As I mentioned in my review of "The Office" season finale and all its guest stars, there are published reports out there suggesting that the show's producers have settled on a frontrunner to succeed Steve Carell/Michael Scott as the new branch manager. Though you can argue about whether or not that news is a spoiler, I thought it would be easier to separate out all discussion from the actual finale review and confine it to this separate post. That person's name, and my thoughts, coming up just as soon as I'm another "Porky's" baby...
"Parks and Recreation" just concluded a remarkable season of TV comedy: 16 episodes (6 produced last spring, the other 10 after a long break while Amy Poehler had her baby), and not a bad one in the bunch. And the streak goes back at least 5 episodes into season 2 - I might be inclined to draw the line at "Park Safety," if only because I didn't like Andy Samberg's character - but more likely 11 episodes back, with "The Set Up" as the last episode that didn't work overall. So they've been cooking with gas for a very long time now.
I've already posted my review of the season-ending double feature, and I did an extended e-mail interview with the show's co-creator, Mike Schur, about some of the thinking behind season 3's stories, the limits he and Greg Daniels try to place on both the town of Pawnee and characters like Ron Effing Swanson, and a lot more.
A quick review of last night's "Cougar Town" coming up just as soon as I channel Vincent D'Onofrio from "Full Metal Jacket"...
As has been the case for much of this week, upfronts mania is getting in the way of longer reviews, but I have a few thoughts on last night's "Modern Family" coming up just as soon as I mock you with a hurtful rhythmic taunt...
I'm ironically spending so much of my day reporting on the new CBS schedule - which will move "The Good Wife" to Sundays at 9 - that I have very little time to actually write about the season finale of the show itself, but I have a few thoughts coming up just as soon as I press all the buttons on the elevator...
A year ago, CBS shook up both upfront week and its own conservative reputation with by far the most aggressive scheduling overhaul of any of the networks - moving "Survivor," "The Big Bang Theory" and both "CSI" spin-offs to new nights - even as the network's scheduling boss tried to sell it as "aggressive stability." Because those big moves worked out, the new CBS schedule won't be quite as radical - Kahl used the phrase "dynamic stability" this time - but still moves a few notable pieces around the week.
Welcome to the first of what will hopefully be two different Upfront Week editions of the Firewall & Iceberg Podcast, in which Dan and I talk about the many, many, many, many scheduling moves and new show clips we've seen over the last couple of days. The run-down:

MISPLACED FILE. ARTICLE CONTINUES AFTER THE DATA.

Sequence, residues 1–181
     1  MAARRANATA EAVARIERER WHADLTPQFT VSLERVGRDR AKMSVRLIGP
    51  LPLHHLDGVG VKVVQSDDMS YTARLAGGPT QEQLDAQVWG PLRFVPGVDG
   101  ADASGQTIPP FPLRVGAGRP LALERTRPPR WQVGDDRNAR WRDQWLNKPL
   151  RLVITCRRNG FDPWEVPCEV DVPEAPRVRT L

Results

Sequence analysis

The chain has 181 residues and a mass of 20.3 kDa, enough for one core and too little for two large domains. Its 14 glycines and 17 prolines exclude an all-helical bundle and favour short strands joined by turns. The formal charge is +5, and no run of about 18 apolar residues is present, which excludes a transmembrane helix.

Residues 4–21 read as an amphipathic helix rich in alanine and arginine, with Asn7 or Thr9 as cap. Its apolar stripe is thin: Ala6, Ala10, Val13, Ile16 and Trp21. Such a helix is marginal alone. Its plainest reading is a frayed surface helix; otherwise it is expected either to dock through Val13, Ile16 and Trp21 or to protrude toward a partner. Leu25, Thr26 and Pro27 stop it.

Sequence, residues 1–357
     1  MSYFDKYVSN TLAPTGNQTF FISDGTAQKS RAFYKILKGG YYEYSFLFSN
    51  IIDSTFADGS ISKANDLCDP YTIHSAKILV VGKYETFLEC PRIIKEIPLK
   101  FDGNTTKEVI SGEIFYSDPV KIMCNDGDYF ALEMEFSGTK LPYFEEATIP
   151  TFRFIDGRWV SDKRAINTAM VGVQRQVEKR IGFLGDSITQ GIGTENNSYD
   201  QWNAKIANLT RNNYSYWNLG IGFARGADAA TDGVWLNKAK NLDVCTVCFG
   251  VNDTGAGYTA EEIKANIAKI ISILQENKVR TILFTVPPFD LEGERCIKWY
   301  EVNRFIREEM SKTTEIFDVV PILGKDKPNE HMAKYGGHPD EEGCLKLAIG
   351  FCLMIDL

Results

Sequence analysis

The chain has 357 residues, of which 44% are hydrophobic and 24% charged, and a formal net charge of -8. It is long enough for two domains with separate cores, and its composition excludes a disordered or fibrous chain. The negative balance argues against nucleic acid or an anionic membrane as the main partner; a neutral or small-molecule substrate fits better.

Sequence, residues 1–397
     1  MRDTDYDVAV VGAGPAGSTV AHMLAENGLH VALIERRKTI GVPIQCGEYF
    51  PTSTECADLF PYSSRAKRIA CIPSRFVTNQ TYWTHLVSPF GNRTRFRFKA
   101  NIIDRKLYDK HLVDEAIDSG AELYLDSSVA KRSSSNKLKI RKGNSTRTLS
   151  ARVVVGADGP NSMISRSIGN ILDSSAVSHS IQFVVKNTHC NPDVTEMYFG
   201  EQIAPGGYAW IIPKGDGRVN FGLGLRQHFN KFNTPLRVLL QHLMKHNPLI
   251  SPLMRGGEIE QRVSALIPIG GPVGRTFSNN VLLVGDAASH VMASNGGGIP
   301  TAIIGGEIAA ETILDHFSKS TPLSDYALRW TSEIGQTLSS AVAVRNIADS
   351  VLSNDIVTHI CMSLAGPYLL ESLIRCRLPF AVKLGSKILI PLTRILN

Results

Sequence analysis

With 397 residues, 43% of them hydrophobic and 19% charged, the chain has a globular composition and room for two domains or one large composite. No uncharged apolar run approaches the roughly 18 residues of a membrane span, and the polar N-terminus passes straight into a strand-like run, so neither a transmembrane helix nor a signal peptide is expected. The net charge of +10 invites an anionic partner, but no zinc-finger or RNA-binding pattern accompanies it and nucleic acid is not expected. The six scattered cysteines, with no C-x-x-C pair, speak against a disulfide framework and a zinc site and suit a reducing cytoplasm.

"Cougar Town" co-creator Bill Lawrence blames himself, in a way, for the show being pushed to mid-season on ABC's new schedule, where it will air Tuesdays at 9 in between installments of "Dancing with the Stars," while "Happy Endings" takes up resident in the post-"Modern Family" timeslot Wednesdays at 9:30.
Lawrence has a development deal with Warner Bros., which means next season will likely be his last as a hands-on boss at "Cougar Town." And one of the things he wanted to accomplish before he handed the keys to Kevin Biegel was to try to establish the show as something that could stand on its own at the start of a half-hour. He'd been asking ABC president Paul Lee about it for a while; he just didn't necessarily expect it to happen this quickly, or with "Cougar Town" not airing at all in the season's early months.
I spoke with Lawrence this afternoon about the move, which he's known about for a few days, about what he learned from the seasons when "Scrubs" aired at mid-season, and about how he and the cast and crew intend to continue the guerilla marketing they did during this season's mini-hiatus. As often happens with Bill, he talks a lot and I get in a word on occasion.
I wish I had more time to write about last night's "The Chicago Code," which was the strongest episode the show has done in quite some time, and possibly the strongest of the season. This is the sort of thing Shawn Ryan shows do so well: have all the various balls that are being juggled come crashing down right on top of each other, as our heroes race to catch what they can and clean up what they can't.
If the show were coming back next year, we could look at this as a possible turning point. Instead, it's an improvement that's unfortunately too late to matter.
I'll have a longer write-up of next week's finale, but I need to get back to upfront-related madness. What did everybody else think?